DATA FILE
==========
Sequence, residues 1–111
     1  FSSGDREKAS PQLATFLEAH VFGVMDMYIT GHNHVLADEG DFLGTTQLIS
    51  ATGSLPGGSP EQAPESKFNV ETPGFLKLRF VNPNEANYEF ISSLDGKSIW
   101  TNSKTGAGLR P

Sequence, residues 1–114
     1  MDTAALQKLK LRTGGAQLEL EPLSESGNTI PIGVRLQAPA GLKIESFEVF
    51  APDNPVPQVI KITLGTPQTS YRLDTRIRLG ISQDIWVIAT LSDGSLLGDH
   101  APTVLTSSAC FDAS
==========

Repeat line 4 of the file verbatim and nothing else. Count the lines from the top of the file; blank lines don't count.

   101  TNSKTGAGLR P